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Editor—Over the past 12 years, 26 patients with an unusual syndrome of congenital hypoparathyroidism associated with severe prenatal and postnatal growth retardation and a pattern of facial anomalies have been seen at the King Faisal Specialist Hospital and Research Centre, Saudi Arabia.1 2 The disorder has been listed by McKusick in OMIM as “hypoparathyroidism-retardation-dysmorphism syndrome; HRD” as entry 241410. Recently, Parvari et al 3 reported the assignment of the gene for this disorder to chromosome 1 at 1q42-43. Their report was based on a study of consanguineous Bedouin families from Israel and their linkage analysis was based on homozygosity by descent.4 This reports describes a study of three consanguineous Saudi families, which yielded results consistent with the 1q42-43 location of the responsible gene.
Blood samples were collected and DNA extracted from three Saudi families consisting of first cousin parents and their 14 children, five of whom manifested the Sanjad-Sakati syndrome. DNA samples were pooled from the five affected children and a separate pooled sample prepared from the DNA of their nine unaffected sibs. The initial analysis included PCR amplified DNA markers linked to genes involved either in parathyroid structure or function.5 As no evidence of linkage was found, the analysis was expanded to the human genome screening set from Research Genetics (Huntsville, Alabama). The analysis proceeded from chromosome 22 to chromosome 1. A positive result was based on finding a single band in the pooled sample from the affected children indicating homozygosity, while the pooled sample from the unaffected sibs showed two or more bands. A positive result with marker DlS235 prompted analysis of all 20 samples separately with the additional markers D1S1656, D1S163, D1S179, D1S2712, D1S1540, D1S1680, D1S2678, D1S2680, D1S2850, D1S373, and D1S2670, all of which cluster around 1q42-43.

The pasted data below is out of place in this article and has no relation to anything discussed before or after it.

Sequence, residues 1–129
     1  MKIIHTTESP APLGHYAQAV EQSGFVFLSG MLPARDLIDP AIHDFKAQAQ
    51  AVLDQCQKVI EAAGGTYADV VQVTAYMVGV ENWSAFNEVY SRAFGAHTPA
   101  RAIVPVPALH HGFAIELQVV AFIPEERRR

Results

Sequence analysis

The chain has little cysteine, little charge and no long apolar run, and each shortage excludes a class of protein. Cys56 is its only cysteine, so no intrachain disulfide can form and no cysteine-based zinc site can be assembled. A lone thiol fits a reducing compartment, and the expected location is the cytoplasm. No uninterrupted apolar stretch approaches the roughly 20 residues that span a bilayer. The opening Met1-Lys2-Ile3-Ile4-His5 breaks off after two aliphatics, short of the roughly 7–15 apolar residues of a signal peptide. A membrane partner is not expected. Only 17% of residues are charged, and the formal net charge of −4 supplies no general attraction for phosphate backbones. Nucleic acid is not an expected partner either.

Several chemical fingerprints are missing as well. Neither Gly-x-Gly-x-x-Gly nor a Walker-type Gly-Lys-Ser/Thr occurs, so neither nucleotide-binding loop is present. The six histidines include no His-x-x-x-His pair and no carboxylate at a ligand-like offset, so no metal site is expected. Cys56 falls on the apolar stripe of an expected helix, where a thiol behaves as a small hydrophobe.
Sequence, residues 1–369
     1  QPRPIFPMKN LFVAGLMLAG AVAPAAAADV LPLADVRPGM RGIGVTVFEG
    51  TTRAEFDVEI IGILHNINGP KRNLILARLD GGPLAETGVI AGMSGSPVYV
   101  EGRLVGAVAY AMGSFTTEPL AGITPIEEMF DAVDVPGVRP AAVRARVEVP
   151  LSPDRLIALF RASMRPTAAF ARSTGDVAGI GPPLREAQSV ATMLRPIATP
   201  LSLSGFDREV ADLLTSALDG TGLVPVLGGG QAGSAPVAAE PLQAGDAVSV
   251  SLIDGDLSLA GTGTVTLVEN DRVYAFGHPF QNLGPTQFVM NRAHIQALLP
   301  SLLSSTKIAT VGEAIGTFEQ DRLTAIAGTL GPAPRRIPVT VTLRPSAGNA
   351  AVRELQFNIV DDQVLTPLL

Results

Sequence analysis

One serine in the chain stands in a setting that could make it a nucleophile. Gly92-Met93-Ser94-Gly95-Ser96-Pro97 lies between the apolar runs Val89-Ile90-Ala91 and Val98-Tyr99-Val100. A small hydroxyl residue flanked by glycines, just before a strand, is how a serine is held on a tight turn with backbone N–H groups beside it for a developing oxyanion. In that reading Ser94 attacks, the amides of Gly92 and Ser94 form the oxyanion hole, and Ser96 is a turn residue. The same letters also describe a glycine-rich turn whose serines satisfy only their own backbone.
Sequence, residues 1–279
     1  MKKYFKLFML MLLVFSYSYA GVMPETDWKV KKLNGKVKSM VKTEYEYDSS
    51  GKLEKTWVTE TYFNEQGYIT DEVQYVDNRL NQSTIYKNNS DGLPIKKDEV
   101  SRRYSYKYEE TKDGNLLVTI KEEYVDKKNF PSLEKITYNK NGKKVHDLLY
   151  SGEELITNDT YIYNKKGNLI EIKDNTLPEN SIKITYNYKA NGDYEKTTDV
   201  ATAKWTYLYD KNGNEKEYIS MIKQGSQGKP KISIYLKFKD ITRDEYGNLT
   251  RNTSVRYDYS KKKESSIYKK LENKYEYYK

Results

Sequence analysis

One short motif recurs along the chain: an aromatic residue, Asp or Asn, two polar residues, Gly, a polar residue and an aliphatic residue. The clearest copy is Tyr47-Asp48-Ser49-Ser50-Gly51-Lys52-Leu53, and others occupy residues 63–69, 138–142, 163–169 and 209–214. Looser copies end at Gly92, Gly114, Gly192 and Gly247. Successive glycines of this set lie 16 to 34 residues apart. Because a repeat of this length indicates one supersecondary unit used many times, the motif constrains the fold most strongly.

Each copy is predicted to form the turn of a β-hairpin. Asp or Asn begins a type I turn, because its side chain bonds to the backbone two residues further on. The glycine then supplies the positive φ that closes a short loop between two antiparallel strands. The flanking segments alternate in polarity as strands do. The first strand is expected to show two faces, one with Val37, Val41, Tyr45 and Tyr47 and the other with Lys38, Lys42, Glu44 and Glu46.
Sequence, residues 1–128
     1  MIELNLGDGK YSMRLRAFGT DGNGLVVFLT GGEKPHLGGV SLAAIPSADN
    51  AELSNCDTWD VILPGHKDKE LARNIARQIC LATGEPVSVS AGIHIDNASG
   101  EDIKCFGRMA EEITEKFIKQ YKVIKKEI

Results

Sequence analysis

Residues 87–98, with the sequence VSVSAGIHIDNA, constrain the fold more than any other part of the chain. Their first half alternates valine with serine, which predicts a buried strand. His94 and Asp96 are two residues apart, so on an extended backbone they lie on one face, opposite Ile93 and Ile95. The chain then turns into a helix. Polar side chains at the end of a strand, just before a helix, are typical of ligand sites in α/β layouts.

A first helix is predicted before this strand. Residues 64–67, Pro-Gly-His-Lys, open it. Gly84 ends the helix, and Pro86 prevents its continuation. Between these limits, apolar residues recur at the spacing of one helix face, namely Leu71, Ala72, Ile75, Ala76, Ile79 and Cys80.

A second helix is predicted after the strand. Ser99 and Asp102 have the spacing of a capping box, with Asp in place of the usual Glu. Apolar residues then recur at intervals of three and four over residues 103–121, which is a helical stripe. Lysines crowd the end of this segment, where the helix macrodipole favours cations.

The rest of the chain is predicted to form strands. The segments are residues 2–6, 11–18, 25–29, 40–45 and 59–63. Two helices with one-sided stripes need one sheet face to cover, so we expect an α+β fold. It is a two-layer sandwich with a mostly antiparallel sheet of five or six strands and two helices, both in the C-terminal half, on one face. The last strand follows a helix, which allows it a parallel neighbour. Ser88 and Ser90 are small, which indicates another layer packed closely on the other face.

Multipoint lod scores were generated using MAPMAKER/HOMOZ.6 Analysis of the data assumed equal frequencies of the alleles at each marker. The order of the markers was taken from the maps published by Broman et al.7 The data showed that the affected sibs in the three families were homozygous for markers that clustered around the marker D1S235. A maximum lod score of 4.12 around D1S235 at 1q42-43 was obtained. Flanking markers D1S1656 and D1S2678 were consistent with those found by Parvari et al 3and suggest a candidate region maximally at 1 cM.
The initial report of Sanjad et al 1 in 1988 and their definitive report in 19912 clearly established this as a distinct disorder with autosomal recessive inheritance. The consistency with which hypocalcaemic tetany or seizures or both occur in intrauterine growth retarded infants suggests that this is not a diagnosis likely to be missed. That this disorder has only been reported in consanguineous Arabic families suggests that a founder effect of a long standing mutation is responsible for this disorder.
Kenny-Caffey syndrome type 1 is clinically manifest as growth retardation, craniofacial anomalies, small hands and feet, hypocalcaemia, hypoparathyroidism, and radiological evidence of cortical thickening in the long bones with medullary stenosis and absent diploic space in the skull. The original reports of Caffey8 and Kenny and Linarelli9 suggested autosomal dominant inheritance and the condition is now referred to as Kenny-Caffey syndrome type 2. In 1997 Khan et al 10 reported on 16 affected children with Kenny-Caffey syndrome type 1 in six unrelated sibships born to healthy, consanguineous, Bedouin parents from Kuwait. From this group of patients, Diaz et al 11 in 1998 mapped the locus for this disorder to 1q42-43. All of this information taken together suggests that the Sanjad-Sakati syndrome and type 1 Kenny-Caffey syndrome are at least allelic disorders if not the same condition. Despite the multiplicity of abnormalities, including intrauterine growth retardation, mental retardation, and facial dysmorphism with congenital hypoparathyroidism, there is currently no information about the nature of the underlying molecular defect in either disorder. Mapping of the locus responsible now offers promise for analysis of candidate genes or positional cloning as likely methods to delineate the molecular basis.
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